In a previous post, we reported that in Proppant Express Investments v. Oren Techs., a panel of the PTAB held that 35 U.S.C. § 315(c) allows only joinder of other parties to an IPR, and not same-party joinder of new patentability issues.  See IPR2018-00914, Paper 21 at 4-6.

In a recent order, the PTAB’s new Precedential Opinion Panel decided to review the Proppant holding on issue joinder, which appeared to differ from earlier rulings in similar cases.  The Panel expressly noted that “Board decisions conflict on the proper interpretation of 35 U.S.C. § 315(c)”:

Compare, e.g., Target Corp. v. Destination Maternity Corp., Case IPR2014-00508 (Paper 28) (Feb. 12, 2015) (concluding that 35 U.S.C. § 315(c) permits a petitioner to be joined to a proceeding in which it is already a party), with SkyHawke Techs., LLC v. L&H Concepts, LLC, Case IPR2014-01485 (Paper 13) (Mar. 20, 2015) (reaching opposite conclusion).
IPR2018-00914, Paper 24 at 2.  The Panel will include Andrei Iancu, Director of the US Patent and Trademark Office, Drew Hirshfeld, Commissioner of Patents, and Scott Boalick, Acting Chief Judge of the PTAB.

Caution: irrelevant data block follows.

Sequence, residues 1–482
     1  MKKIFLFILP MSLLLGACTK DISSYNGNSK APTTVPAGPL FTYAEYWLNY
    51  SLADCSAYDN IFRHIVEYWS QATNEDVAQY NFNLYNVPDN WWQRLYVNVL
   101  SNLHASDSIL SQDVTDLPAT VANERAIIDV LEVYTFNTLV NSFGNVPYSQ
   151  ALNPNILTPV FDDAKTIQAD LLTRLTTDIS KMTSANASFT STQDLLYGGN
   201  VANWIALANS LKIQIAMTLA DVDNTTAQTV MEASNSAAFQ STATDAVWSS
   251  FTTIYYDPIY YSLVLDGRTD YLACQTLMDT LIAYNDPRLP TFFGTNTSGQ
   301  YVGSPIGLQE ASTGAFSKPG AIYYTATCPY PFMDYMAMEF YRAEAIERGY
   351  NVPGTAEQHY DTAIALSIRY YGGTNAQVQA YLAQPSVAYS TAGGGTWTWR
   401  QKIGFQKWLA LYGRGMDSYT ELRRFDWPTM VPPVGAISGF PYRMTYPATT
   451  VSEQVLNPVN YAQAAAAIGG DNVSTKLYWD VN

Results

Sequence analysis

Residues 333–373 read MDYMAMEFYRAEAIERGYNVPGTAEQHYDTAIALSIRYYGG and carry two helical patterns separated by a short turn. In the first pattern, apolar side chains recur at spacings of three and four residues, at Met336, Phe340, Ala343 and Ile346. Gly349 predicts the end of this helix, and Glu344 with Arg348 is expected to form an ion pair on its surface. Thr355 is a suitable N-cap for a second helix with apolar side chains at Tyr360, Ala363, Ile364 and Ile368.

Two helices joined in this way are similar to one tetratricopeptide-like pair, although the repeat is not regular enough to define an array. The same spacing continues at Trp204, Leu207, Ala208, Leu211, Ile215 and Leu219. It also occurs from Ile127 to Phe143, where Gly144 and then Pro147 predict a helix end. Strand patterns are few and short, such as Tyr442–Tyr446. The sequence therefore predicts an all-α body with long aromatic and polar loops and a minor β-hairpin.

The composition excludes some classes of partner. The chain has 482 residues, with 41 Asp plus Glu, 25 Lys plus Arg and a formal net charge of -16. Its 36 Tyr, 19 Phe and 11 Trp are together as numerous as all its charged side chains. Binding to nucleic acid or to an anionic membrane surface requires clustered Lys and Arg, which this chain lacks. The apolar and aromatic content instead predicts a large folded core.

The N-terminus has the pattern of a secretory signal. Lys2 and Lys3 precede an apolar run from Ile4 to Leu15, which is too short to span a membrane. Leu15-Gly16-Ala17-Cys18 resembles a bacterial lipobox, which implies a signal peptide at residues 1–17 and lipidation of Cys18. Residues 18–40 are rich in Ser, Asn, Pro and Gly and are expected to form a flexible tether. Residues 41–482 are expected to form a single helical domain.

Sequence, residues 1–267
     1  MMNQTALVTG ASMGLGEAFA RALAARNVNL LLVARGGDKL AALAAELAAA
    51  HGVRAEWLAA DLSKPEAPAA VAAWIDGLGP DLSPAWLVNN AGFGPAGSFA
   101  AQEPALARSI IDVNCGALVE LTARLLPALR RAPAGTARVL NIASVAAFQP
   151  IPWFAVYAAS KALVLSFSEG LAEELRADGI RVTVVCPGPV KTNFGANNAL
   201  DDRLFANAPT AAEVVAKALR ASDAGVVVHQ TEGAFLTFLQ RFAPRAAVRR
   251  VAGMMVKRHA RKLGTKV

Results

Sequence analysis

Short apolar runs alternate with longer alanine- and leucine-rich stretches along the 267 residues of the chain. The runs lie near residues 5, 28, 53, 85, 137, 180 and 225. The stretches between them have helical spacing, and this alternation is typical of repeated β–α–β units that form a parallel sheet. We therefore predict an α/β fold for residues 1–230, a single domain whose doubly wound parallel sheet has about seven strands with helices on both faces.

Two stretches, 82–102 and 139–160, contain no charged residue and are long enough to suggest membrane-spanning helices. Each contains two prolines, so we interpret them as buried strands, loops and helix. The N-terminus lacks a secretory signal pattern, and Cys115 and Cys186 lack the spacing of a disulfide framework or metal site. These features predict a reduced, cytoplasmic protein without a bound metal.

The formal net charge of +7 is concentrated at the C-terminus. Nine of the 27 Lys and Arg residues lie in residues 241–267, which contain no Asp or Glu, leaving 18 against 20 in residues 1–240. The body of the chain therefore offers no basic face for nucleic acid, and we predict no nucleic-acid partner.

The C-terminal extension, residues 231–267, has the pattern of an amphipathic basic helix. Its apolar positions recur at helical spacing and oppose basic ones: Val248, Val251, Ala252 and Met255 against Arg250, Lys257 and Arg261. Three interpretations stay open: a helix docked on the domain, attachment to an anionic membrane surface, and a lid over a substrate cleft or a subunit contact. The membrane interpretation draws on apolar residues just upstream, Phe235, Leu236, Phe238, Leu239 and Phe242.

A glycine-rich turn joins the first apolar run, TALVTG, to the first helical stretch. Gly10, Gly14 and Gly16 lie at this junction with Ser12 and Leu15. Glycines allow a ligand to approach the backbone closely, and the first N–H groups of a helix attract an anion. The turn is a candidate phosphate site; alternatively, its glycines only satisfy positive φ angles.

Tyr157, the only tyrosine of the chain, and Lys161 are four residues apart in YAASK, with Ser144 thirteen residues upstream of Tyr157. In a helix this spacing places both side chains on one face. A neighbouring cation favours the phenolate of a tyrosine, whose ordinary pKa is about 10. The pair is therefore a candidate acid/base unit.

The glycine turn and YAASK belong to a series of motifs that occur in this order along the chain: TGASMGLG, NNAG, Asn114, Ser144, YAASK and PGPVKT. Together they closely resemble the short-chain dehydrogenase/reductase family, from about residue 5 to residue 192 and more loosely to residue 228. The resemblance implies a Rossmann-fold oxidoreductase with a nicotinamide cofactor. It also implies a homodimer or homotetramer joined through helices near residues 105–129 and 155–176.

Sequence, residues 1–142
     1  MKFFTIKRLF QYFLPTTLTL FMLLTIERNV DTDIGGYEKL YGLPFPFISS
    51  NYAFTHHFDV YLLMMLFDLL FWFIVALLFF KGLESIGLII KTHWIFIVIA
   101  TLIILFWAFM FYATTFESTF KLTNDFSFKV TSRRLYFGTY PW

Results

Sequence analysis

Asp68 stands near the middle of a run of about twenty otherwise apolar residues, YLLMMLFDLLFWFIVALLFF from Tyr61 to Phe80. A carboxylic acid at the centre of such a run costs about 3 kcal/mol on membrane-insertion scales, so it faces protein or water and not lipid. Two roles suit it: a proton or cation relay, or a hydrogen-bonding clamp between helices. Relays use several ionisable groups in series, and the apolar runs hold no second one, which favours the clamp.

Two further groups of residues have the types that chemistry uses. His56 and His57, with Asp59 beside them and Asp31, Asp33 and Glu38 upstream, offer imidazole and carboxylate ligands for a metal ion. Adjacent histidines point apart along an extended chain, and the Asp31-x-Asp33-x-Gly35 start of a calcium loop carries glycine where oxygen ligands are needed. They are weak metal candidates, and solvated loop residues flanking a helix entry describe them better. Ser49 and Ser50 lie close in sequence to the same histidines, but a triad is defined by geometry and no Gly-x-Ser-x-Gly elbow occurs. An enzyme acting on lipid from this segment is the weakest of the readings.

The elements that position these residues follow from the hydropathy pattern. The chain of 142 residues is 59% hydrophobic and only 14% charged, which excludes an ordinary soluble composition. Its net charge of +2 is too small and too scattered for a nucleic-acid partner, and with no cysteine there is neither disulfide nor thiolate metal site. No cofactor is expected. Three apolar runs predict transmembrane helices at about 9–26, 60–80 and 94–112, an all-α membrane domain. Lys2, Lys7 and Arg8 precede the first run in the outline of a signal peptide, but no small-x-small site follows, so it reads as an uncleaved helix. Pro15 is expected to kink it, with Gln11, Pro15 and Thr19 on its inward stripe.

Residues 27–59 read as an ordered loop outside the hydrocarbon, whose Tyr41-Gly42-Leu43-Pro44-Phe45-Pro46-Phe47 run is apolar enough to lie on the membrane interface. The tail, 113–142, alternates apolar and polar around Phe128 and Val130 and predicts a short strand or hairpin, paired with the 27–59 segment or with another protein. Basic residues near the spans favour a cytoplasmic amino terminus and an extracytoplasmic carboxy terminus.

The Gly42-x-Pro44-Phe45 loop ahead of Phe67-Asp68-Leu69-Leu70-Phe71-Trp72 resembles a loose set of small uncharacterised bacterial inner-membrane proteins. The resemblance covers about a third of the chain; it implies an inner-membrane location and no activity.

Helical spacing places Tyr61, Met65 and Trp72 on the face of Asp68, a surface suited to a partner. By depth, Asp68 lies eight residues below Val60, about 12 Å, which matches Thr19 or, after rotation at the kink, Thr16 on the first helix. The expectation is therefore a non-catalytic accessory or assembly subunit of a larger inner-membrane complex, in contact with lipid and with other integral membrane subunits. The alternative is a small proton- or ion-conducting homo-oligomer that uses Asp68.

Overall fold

The Panel will address three questions related to issue joinder:
  1. Under 35 U.S.C. § 315(c) may a petitioner be joined to a proceeding in which it is already a party?
  2. Does 35 U.S.C. § 315(c) permit joinder of new issues into an existing proceeding?
  3. Does the existence of a time bar under 35 U.S.C. § 315(b), or any other relevant facts, have any impact on the first two questions?

IPR2018-00914, Paper 24 at 2.  The parties and any amicus curiae may submit briefs, of no more than 15 pages, no later than December 28, 2018.  Id. at 3.  The parties may then file response briefs, of no more than 10 pages, no later than January 14, 2019.  Id.